The project, named Capital Partners Solar Project and supplied by Duke Energy Renewables, comprises 52 MW of solar PV power, which is the equivalent of the electricity used in 8,200 homes every year. According to Duke Energy, it is the largest “non-utility” solar PV power purchase agreement in the United States in total contracted megawatt hours and the largest PV project east of the Mississippi River.
The project, orchestrated by CustomerFirst Renewables (CFR), will help George Washington University, American University and George Washington University Hospital meet their climate action plan commitments without incurring additional costs. The partners will break ground on the first site this summer and panels will begin to deliver electricity by the end of the year.
"Thanks to this innovative partnership, the George Washington University will now derive more than half of all its electricity from solar energy,” said GW President Steven Knapp. “This will greatly accelerate our progress toward the carbon neutrality target we had earlier set for 2025.”
When fully operational at the end of 2015, Capital Partners Solar Project will generate 123 million kWh of emissions-free electricity per year, drawn from 243,000 solar panels at three sites. That translates to eliminating roughly 60,000 metric tons of carbon dioxide per year or taking 12,500 cars off the road.
“American University is firmly on its way to achieving carbon neutrality by 2020,” said Neil Kerwin, AU president. “We are home to the largest combined solar array in the District, are resolved to growing green power through our purchase of renewable energy certificates and are now a partner to the largest non-utility solar energy purchase in the United States.”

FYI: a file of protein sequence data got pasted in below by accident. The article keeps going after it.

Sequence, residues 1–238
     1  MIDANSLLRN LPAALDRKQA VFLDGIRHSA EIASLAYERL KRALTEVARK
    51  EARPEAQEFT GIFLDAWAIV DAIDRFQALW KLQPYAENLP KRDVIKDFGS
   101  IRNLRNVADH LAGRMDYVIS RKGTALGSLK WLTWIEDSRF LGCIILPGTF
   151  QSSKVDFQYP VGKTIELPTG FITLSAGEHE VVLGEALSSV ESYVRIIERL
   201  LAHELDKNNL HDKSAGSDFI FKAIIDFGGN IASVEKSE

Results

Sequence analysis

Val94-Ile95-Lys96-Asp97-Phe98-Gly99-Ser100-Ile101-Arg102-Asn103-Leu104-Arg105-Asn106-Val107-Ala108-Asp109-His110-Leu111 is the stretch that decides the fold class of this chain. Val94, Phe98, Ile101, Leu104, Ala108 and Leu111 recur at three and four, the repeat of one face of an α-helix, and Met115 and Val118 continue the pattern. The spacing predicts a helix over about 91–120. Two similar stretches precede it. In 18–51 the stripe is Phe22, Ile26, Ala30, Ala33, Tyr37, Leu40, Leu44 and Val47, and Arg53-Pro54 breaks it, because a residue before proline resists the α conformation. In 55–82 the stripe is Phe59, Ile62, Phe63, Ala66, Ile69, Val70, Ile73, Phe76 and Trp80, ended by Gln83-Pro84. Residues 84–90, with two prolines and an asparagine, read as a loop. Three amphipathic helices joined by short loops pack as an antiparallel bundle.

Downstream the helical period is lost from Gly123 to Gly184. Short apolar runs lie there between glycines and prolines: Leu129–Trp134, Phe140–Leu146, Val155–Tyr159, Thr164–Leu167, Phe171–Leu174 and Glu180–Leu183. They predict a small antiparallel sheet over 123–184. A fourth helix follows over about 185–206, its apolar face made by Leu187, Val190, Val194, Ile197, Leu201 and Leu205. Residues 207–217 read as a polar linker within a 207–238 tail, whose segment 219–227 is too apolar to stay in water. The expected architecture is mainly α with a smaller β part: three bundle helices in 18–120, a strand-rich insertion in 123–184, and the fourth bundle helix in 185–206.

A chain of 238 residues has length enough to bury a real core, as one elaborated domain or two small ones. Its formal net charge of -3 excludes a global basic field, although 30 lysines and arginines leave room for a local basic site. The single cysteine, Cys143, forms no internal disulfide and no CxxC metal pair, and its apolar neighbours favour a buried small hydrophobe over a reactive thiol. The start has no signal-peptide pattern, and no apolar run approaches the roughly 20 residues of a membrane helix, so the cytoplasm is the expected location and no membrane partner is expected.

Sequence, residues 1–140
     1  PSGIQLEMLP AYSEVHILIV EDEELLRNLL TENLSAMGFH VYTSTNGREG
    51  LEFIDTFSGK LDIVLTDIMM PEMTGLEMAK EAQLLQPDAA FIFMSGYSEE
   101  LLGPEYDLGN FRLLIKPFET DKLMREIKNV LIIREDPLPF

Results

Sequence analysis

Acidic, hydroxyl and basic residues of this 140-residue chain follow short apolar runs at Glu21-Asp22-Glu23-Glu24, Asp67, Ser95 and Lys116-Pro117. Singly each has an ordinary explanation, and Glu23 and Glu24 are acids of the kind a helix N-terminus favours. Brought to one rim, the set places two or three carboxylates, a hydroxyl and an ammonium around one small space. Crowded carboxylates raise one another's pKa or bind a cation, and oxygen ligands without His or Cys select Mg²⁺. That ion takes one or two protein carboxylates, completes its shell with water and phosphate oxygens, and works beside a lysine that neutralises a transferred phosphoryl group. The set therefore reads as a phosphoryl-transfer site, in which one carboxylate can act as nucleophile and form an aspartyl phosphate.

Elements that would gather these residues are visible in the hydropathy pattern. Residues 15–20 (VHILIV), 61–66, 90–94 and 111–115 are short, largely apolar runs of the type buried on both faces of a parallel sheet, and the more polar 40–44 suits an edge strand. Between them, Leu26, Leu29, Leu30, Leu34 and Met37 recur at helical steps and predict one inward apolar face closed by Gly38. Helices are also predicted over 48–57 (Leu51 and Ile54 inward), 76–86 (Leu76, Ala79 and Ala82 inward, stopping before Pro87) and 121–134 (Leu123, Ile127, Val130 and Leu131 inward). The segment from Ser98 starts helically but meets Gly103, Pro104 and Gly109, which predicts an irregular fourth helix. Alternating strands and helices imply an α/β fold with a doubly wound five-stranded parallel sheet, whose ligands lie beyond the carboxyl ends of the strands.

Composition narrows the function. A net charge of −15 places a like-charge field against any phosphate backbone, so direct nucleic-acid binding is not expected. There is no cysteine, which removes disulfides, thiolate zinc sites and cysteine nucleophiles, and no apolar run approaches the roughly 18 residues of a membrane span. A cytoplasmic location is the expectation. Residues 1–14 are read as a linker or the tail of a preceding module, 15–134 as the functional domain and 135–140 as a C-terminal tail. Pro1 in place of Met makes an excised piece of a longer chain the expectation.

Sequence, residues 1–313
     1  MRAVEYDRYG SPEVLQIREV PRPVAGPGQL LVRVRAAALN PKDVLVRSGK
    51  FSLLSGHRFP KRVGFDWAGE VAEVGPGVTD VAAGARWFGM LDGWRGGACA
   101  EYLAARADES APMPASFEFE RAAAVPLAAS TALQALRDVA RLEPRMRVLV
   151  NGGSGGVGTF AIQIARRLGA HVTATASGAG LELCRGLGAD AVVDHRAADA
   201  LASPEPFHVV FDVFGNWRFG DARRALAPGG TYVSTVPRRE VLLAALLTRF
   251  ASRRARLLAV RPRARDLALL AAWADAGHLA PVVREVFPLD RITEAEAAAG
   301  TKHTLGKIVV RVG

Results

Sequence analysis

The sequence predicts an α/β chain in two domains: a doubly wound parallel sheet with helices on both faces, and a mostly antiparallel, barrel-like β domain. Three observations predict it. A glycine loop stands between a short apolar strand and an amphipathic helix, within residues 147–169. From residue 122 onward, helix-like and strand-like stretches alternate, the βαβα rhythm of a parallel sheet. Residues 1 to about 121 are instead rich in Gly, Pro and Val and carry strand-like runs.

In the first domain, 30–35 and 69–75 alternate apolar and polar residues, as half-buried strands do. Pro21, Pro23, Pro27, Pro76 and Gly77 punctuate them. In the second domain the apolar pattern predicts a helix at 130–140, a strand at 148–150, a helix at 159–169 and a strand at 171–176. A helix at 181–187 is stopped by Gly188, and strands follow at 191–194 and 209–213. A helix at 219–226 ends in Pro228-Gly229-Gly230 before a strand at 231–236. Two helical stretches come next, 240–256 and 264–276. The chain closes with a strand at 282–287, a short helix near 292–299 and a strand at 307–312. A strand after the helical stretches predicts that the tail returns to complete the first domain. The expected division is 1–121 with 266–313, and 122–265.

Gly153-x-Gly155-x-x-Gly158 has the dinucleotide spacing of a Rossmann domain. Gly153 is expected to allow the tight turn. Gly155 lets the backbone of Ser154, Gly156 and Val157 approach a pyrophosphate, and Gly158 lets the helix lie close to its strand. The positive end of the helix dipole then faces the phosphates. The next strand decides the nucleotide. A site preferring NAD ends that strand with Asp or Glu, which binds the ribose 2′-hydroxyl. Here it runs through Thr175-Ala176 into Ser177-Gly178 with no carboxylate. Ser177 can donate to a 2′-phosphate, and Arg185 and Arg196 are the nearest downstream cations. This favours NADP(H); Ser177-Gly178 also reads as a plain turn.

Under the agreement and once the project is complete, George Washington University will receive roughly 86.6 million kWh, American University will receive 30 million kWh and George Washington University Hospital will receive approximately 6.3 million kWh annually. The solar power will fuel more than half of GW’s and AU’s electricity needs and more than a third of George Washington University Hospital’s need.
“Duke Energy looks forward to working with these leading D.C. institutions on an innovative solar project that demonstrates their leadership in sustainability and, at the same time, provides them with low-cost energy at a stable price for years to come,” said Greg Wolf, president of Duke Energy Renewables.
Solar power generated at the panel sites in North Carolina will move through a North Carolina electrical grid into the D.C. regional grid, increasing the amount of solar energy in the region.